Oct. 26, 2018
Harlan T. Bobo isn’t exactly a household name — unless you’re a dedicated devotee of the underground rock scene in Memphis. And he seems to consciously choose to cling to his anonymity. Though the singer says he’s legally changed his name to the one you see on his records, like Leon Redbone, he keeps his birth name secret. He’s been known to wear masks at his performances and in general doesn’t seem to have a naked thirst for big-time success and stardom.
But he’s good, and his sporadically released records are well worth seeking out. A great place to start is his latest, A History of Violence, which is his first album since 2010’s Sucker and his best so far.
While there are several stark, moody acoustic songs here, most of the strongest tracks are the ones in which Bobo and his stripped-down band of Memphis mafiosos rage and roar as if they are fighting off demons from a madman’s dreams. These include “Spiders,” “Paula,” and “Town” (yes, he uses one-word song titles), which starts off with Bobo singing, “God damn this town” and proceeds to get even angrier.
Like his first album, Too Much Love, this one is considered a break-up album. It comes in the wake of his divorce. That would put it in the same stratosphere as romance-on-the-rocks records like Bob Dylan’s Blood on the Tracks; Phases and Stages by Willie Nelson; Marvin Gaye’s Here, My Dear; Sinead O’Connor’s I Do Not Want What I Haven’t Got; Back to Black by Amy Winehouse; and Fleetwood Mac’s Rumours. (I don’t care what anyone says, a ripping version of “Go Your Own Way” by Bobo and combo would have sounded great on this album.) Maybe even Frank Sinatra’s In the Wee Small Hours.
|They call me MISTER Bobo!|
However, Bobo claims it’s not really a break-up album at all. In an interview in Memphis Flyer a few months ago, he said, “The fact is, the record has very little to do my marriage. A couple songs are about that, but the rest of it is addressing something that’s disturbed me since childhood, and it’s that aggression wins, you know? It wins out on top of consideration for people, diplomacy, because all those things are very boring compared to the visceral excitation of aggression and violence,” referring to the southern French city of Perpignan, where he lives these days with his young son. “And the place I live in now, it’s not violent like anything in America, but it’s very aggressive. And the way people raise their children and treat each other is really disturbing to me,” he said.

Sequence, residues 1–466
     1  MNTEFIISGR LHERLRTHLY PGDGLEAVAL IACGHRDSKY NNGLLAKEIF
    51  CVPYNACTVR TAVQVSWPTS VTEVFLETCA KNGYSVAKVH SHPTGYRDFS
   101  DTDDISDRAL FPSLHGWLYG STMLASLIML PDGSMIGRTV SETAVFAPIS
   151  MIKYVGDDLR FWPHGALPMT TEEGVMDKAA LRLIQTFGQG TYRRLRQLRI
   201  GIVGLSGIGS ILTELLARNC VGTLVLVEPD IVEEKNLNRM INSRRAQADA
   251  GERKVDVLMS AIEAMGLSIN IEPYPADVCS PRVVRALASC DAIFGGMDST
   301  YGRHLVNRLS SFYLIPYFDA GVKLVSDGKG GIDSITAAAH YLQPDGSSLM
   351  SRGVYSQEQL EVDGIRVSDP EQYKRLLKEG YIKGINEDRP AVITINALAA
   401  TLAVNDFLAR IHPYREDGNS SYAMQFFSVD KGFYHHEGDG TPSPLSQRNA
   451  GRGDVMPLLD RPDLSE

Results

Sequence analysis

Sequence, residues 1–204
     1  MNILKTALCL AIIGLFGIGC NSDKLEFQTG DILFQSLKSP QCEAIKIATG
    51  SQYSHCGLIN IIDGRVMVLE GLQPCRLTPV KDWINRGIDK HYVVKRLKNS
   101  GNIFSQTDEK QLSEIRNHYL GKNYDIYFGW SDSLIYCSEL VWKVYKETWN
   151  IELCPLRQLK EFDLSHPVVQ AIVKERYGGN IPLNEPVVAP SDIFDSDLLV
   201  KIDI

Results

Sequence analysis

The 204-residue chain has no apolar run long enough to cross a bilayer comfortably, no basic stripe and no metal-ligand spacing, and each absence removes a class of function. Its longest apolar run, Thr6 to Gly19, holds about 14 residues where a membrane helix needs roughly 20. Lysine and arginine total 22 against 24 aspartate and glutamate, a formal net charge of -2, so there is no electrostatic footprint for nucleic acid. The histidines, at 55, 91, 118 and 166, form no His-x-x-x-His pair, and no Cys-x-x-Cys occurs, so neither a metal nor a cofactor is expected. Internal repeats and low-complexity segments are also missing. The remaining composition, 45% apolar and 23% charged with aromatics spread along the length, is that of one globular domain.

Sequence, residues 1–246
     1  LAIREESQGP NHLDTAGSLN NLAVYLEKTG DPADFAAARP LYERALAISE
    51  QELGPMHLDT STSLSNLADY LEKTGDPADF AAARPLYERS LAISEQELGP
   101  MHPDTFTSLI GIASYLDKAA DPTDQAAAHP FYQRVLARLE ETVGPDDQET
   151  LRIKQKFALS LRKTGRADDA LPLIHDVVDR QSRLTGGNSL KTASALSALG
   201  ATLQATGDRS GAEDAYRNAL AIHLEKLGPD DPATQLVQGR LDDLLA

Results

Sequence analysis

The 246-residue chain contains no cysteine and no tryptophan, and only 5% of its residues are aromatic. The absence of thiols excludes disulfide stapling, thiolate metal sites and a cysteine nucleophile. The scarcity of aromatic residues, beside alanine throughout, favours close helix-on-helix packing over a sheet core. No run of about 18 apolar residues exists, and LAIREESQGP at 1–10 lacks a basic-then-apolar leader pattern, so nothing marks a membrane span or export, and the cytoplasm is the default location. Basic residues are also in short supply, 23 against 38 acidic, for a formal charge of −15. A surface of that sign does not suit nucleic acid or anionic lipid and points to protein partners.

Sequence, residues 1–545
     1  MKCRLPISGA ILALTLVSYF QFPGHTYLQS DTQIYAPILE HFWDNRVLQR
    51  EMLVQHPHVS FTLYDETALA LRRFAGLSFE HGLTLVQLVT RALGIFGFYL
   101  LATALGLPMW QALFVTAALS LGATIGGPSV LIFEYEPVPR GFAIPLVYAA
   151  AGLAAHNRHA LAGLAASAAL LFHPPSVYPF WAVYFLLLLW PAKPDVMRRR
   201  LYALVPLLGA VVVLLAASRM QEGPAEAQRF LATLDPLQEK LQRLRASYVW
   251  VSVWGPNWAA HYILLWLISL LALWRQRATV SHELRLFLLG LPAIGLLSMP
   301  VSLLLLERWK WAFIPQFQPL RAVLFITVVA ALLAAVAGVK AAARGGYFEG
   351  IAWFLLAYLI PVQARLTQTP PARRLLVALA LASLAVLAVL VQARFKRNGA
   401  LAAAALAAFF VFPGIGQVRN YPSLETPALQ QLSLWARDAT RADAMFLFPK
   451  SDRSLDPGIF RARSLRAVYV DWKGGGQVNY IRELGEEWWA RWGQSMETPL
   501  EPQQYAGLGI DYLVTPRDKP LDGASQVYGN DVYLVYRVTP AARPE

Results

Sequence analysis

Still, it’s hard not to think that the emotional strain of divorce doesn’t seep into these songs, which are packed with frustration, desperation, and loneliness. Some of the hardest rocking tunes are obviously dark fantasies of wanton violence. There’s “Nadine,” a tragic tale of a cabaret singer, and “Paula,” in which a musical crime spree ends with a disturbing vision of the narrator swinging from the gallows after being dragged through the town by angry citizens.
It’s not the most fierce rocker on the album. One of the most powerful tunes here is the brooding, slow-burning “Ghost,” which invites comparisons with Nick Cave. It’s one of the obvious break-up songs here. The most heart-wrenching verse is a scene from a marriage in which the singer recalls some tensions sprouting from a day at some carnival: “You remember that fish you won at the fair/You said I fed it too much, I said you didn’t feed it enough/Either way, the damned thing died.” But immediately after that bad memory, Bobo’s attention turns away from the fish and toward a child. “That boy’s gonna suffer, and Lord, he’s suffered enough/He’ll make someone suffer from all he’s learned from love ...”
A History of Violence is not easy listening by any stretch. But unless you’re a cold, dead fish, it’s a rewarding listen for the stout of heart and deserves a wider audience.
Trixie & TheTrainwrecks. Trinity Sarratt is a California-born singer who moved to Berlin. There she began performing in a number of bands, even doing a stint as a one-person group called Trixie Trainwreck No-Man Band. With the aid of harmonica blower called Charlie Hangdog, she assembled a group, The Trainwrecks, and recorded this album of what their label Voodoo Rhythm Records accurately calls “overdriven-long-gone-broken-hearted-country-blues-trash numbers from the wrong side of the tracks.”
But it’s the kind of trash I like.
Made up mostly of original tunes, Trixie romps through rough-edged bluesy tunes like “Daddy’s Gone,” “Poor and Broke,” and “Commuter Blues.” She invokes the ghost of Jimmie Rodgers on “Yodelin’ Bayonne Blues” (with the best use of a slide whistle since The Hoosier Hotshots) and does a sweet cover of one of my favorite Hank Williams songs, “Lonesome Whistle.”
There’s an instrumental called “Everybody Goes to Heaven,” though the words in the title appear in the next track, “End of Nowhere.” (Neither is the Mose Allison classic.)
Big Halloween podcast: It’s the dynamic 10th anniversary of the Big Enchilada podcast, as well as my annual Halloween episode. You’ll hear horrifying sounds from the likes of Thee Oh Sees, Black Joe Lewis, The Fuzztones, The Compulsive Gamblers, Ronnie Dawson, and New Mexico’s own Alien Space Kitchen.
Also this week, check out Terrell’s Sound World, my local radio show on KSFR, 101.1 FM, or ksfr.org, where you’ll hear a lot of spooky tunes in honor of this sacred holiday season. (And you'll also hear a tribute to the late Tony Joe White.) The show starts at 10 p.m. Sunday, Oct. 28.
Here are some videos:
A Ghost for Halloween
And here's some Trixie ...